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Staff Contracts – Getting Them Right

Staff Contracts – Getting Them Right

Dental practices rely upon many things to operate – premises, equipment, and the obvious….patients. However, without staff, the practice simply wouldn’t be able to run. No receptionist to greet the patients, no nurses to assist the dentists and run the LDU, and so on.

As an employer, a practice owner has various responsibilities, not least of which is the requirement to provide every staff member with a written statement of employment particulars (which many would refer to as an employment contract). Failure to do so is a breach of employment legislation and as of April 2020, this should be provided by the first day of employment.

Most practice owners will be well aware of the complexity of employment legislation, and the increasingly onerous duties which they owe. Unfortunately, we still see many instances where there are no contracts in place, or where they are in place, they are deficient in a number of ways.

So, as a starting point, make sure that you have employment contracts in place. We would recommend that you obtain the contract from a reliable source so that you have comfort that it contains all the elements which are required by law. Don’t rely on something sourced from the internet, or a copy from a friend who owns a practice, as you won’t know whether the contract does what it needs to.

In turn, using an old style of contract carries some risk. The minimum requirements for employment contracts changed in 2020, and so using a template which is older than that is likely to mean that you have some gaps in the documentation.

You should also ensure that if you use a template contract, you should read it carefully to ensure that it reflects the terms which you actually wish to put in place with that employee. We do occasionally find that practices have taken a template and not read it beforehand, and when they need to refer to it (more often than not when a dispute has arisen) they discover that the terms are not what they imagined. So it’s not just a case of filling in the blanks in a template. Bear in mind that employment contracts as not set in stone as such, and provided that they meet the legislative requirements, there is flexibility in the terms that you agree with any given staff member.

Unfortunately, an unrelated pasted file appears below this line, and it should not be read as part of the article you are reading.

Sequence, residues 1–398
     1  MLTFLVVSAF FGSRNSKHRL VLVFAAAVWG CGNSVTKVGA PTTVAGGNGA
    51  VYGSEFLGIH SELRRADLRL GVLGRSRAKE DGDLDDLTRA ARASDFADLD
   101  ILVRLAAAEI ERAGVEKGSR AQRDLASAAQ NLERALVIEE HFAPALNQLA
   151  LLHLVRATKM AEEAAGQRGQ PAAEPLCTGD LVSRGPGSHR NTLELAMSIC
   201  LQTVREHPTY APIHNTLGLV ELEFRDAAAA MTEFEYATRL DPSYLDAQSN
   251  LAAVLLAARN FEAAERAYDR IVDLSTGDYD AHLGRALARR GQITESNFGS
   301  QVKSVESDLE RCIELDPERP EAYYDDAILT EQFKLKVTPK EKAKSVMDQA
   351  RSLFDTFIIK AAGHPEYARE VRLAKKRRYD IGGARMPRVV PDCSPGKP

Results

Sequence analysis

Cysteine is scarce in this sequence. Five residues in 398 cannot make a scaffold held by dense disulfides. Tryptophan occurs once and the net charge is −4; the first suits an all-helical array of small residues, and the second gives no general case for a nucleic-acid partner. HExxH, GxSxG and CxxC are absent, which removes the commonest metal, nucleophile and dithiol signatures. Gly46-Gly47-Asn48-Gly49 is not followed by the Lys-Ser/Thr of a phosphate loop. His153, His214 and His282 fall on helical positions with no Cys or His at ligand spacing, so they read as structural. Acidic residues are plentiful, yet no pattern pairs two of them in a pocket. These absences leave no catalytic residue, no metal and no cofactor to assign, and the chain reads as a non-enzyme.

Once you have prepared a contract for a staff member, obviously you need to give it to them to consider. Beyond that, however, make sure that you receive a signed copy back. That is ultimately evidence that the employee has seen the contract and agreed to its terms.

Also take a bit of care around some of the practical information in the contract, to make sure that it is correct. One area which we do see from time to time is actually who is the employer. In particular, the principal might be named as the employer, whereas in fact the practice is owned by a company. In turn, expense sharing arrangements are slightly tricky in that the employer is often shown in various ways e.g. just the practice name, just one of the expense sharers, all of the expense sharers, etc. Joint employment is not necessarily advisable, and we would recommend that you seek legal advice on your contracts if you run an expense sharing practice.

Consider whether there are any specific provisions which you wish to include in the contracts, and which may not be in a template document. An example might be including a requirement to repay training costs. Where you pay for a nurse, as an example, to do training, but obviously want to benefit from that training by the nurse remaining with the practice for a period of time afterwards. You can provide for that in the employment contract, or in a separate document, but any arrangement regarding repayment of training costs must be clear, recorded and agreed to.  The repayment arrangements must be reasonable and it would be advisable to take advice regarding the terms.  Any conditions of employment, e.g. to be registered with the GDC, should also be covered off.

Finally, and perhaps rather obviously, once you have employment contracts in place, follow their terms. Don’t ignore the contract and do something different.  That will just lead to the potential for disagreement, and not complying with your own contracts may well lead to a claim for breach of contract, and make the defence of a tribunal claim much more difficult.

Michael Royden is a Corporate Solicitor specialising in advice to the dental profession.  We are always delighted to talk without obligation about whether we might meet your needs. Call Michael on 03330 430350 or email

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Michael Royden
Michael Royden

Michael Royden


Corporate & Commercial

For more information, contact Michael Royden or any member of the Corporate & Commercial team on +44 1382 346222.